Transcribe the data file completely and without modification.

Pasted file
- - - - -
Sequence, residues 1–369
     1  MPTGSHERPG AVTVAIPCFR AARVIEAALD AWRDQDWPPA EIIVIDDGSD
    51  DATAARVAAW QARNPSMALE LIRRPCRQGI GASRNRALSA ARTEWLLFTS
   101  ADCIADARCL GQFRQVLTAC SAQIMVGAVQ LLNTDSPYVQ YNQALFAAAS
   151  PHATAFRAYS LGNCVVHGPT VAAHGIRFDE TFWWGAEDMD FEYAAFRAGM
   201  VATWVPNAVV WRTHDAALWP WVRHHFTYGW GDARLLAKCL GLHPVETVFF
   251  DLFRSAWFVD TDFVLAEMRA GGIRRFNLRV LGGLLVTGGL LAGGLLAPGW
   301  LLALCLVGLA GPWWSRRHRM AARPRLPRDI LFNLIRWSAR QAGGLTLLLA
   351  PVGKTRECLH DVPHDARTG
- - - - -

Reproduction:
Sequence, residues 1–369
     1  MPTGSHERPG AVTVAIPCFR AARVIEAALD AWRDQDWPPA EIIVIDDGSD
    51  DATAARVAAW QARNPSMALE LIRRPCRQGI GASRNRALSA ARTEWLLFTS
   101  ADCIADARCL GQFRQVLTAC SAQIMVGAVQ LLNTDSPYVQ YNQALFAAAS
   151  PHATAFRAYS LGNCVVHGPT VAAHGIRFDE TFWWGAEDMD FEYAAFRAGM
   201  VATWVPNAVV WRTHDAALWP WVRHHFTYGW GDARLLAKCL GLHPVETVFF
   251  DLFRSAWFVD TDFVLAEMRA GGIRRFNLRV LGGLLVTGGL LAGGLLAPGW
   301  LLALCLVGLA GPWWSRRHRM AARPRLPRDI LFNLIRWSAR QAGGLTLLLA
   351  PVGKTRECLH DVPHDARTG